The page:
Advertising does not exist, which makes for cityscapes free from photoshopped bodies, unrealistic beauty standards, and corporate greed. You are not a product in Cuba, you are a human being. The death penalty has recently been all but abolished, only being used in extreme cases. Women make up 48.9% of the parliamentary assembly. Despite the fact that until the 1970’s homosexuality was illegal, in recent years, Castro’s own niece has become a fierce advocate for gay rights, and Castro has blamed himself for the regime’s shameful treatment of gay people and publicly apologised, calling his previous actions “a great injustice” stemming from the innate homophobia of a bygone era.
Now, I would like to draw attention to the countries voicing disdain for Cuba and its politics.
President elect and reality television star Donald Trump last week tweeted a series of updates celebrating Castro’s death, with all the finesse and literacy of a 5 year old. At this very second, however, at Standing Rock, North Dakota, an oil pipeline is being built through the sacred burial grounds of the Sioux tribe. Heavily armed, militarised police are tear gassing, tasering, hosing, and setting dogs on unarmed protesters who are fighting to keep their homeland. Arrests are being made without due process or legal advice. Special cages have been set up for containing protesters. Nothing is being done to prevent this. Money is more important than people. The Native American people will not win this fight. They never do.
The website ‘www.killedbypolice.net’ keeps track of the number of US citizens who have been killed every year. The number currently stands at 1045, with the last update yesterday, when two more were shot dead. There have been 353 mass shootings in the US this year, and 13,441 gun related deaths. The Twitter account ‘@gundeaths’ tracks this. In the past 72 hours, there have been 273 incidents, 92 gun deaths and 203 gun injuries in the USA. Despite the mass deaths of the American people and the frequent mass shootings of infants, the government fiercely defends the 2nd Amendment.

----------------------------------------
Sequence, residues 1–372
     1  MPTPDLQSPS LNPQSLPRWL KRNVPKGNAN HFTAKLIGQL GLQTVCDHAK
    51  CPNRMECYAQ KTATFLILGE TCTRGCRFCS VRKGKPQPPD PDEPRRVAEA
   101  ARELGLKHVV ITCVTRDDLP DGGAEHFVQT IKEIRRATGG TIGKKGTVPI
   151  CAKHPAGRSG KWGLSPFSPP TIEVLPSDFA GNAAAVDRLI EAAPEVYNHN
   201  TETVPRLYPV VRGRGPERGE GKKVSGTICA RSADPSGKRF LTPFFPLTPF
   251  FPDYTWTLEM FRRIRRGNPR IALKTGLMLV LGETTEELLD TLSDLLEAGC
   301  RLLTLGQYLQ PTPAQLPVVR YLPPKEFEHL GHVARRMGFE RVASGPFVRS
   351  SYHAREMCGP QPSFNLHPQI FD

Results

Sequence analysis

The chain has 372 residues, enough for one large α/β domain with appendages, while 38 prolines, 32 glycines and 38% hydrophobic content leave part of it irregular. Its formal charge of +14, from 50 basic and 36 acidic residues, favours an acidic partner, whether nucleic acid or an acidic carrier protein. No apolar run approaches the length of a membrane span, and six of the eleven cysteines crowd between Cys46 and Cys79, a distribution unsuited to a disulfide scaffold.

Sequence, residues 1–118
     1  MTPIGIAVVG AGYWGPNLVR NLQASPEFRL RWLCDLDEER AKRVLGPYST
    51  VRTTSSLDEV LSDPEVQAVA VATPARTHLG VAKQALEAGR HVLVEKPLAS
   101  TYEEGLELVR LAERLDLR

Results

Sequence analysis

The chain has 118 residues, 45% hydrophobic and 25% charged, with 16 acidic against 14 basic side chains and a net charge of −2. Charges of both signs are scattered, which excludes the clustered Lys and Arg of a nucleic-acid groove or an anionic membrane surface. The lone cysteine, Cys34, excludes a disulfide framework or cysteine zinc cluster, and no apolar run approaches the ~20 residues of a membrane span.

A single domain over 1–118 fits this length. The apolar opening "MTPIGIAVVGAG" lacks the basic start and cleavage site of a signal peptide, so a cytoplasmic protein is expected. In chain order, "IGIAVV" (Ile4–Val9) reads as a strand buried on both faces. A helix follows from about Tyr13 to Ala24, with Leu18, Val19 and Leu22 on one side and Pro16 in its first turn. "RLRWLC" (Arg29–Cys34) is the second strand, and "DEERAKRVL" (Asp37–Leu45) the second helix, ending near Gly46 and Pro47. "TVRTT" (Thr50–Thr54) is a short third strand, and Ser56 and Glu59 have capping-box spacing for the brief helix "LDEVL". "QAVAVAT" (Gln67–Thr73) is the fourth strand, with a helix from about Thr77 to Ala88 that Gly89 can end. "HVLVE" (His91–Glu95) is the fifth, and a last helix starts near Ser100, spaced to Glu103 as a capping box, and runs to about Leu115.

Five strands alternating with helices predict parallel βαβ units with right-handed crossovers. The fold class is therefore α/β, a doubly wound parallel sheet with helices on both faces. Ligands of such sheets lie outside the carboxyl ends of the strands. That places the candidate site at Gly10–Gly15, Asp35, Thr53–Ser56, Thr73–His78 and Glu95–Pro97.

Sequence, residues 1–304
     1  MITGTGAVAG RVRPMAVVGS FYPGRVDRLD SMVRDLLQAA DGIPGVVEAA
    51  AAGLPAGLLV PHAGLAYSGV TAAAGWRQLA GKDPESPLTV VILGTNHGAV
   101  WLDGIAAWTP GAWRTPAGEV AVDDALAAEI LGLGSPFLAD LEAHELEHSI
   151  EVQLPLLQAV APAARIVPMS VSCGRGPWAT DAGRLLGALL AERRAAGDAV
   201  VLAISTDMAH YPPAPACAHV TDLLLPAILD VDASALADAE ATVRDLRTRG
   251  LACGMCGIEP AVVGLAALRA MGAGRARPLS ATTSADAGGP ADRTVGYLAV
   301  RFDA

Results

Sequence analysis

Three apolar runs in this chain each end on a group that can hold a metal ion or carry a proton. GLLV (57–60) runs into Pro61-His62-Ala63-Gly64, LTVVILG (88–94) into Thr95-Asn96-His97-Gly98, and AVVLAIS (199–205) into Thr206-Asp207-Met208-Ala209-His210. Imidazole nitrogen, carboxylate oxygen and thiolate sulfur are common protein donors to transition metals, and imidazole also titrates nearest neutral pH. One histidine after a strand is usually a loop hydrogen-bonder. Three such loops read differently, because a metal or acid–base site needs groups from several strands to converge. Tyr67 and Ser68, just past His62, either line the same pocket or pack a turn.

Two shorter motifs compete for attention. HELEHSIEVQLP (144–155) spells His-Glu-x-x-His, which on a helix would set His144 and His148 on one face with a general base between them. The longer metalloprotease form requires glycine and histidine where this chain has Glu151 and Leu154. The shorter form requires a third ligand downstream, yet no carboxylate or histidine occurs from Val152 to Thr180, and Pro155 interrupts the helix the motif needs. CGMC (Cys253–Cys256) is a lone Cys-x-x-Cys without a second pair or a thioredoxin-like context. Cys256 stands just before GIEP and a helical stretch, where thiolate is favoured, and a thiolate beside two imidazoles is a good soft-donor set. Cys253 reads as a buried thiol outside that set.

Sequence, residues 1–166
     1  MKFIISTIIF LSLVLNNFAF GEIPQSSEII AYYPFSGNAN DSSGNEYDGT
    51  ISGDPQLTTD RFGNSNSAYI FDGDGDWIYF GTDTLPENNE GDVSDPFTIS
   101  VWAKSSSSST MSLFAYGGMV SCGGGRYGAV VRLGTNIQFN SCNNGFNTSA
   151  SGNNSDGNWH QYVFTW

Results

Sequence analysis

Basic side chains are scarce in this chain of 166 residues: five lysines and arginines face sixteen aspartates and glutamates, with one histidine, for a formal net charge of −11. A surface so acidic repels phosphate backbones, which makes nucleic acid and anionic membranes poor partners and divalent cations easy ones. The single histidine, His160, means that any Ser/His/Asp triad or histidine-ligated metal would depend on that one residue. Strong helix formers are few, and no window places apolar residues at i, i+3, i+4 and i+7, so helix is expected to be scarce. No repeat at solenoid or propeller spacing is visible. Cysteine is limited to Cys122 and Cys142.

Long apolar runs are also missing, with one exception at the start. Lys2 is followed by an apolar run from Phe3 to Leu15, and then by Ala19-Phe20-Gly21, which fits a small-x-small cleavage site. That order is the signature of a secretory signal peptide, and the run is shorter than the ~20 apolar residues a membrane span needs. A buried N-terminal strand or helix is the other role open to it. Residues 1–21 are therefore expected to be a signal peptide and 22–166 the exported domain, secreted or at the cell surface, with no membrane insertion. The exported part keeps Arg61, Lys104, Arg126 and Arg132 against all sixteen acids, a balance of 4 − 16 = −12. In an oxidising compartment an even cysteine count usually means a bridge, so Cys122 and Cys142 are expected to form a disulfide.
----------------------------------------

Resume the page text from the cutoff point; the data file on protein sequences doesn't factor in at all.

Guantanamo Bay, the infamous prison, known throughout the world for its outrageous abuses of human rights, was created in 2002 by the Bush administration. Reported practises in the prison include forced feeding, sexual degradation, waterboarding, drug injections, sleep deprivation, beatings, stress positions, and worse. Guantanamo Bay still operates today, despite Barack Obama’s 2008 election promises that it would be closed down. The most howling irony of all is that this prison is built on a US-owned portion of Cuba itself. Donald Trump has also recently advocated the use of waterboarding and ‘a hell of a lot worse than waterboarding’, and suggested he would kill the families of terrorists.
Meanwhile in Calais, France, thousands of refugees fleeing the war in Syria have been kept in sub-human conditions for years, living in their own filth, denied entrance into the UK. Refugees frequently die in attempted border crossings. Recently, the Calais ‘Jungle’ was demolished; the makeshift homes burned to the ground, and the children living there shipped off to various processing centres – after several days stuck homeless in the cold, of course. Refugees living in their own shit just down the road from your shop is bad for business, and the good residents of the town of Calais were suffering tremendously.
The Iraq War was started by George Bush and Tony Blair on a false premise; the lie that the country had secret weapons of mass destruction, and resulted in the deaths of civilian Iraqis numbering somewhere between 151,000 and one million. Various factions in the Middle East have been used and abused by first world countries for decades, being alternately armed and heralded as revolutionaries, then exterminated as terrorists, whenever it best suits the agenda of wealthier countries.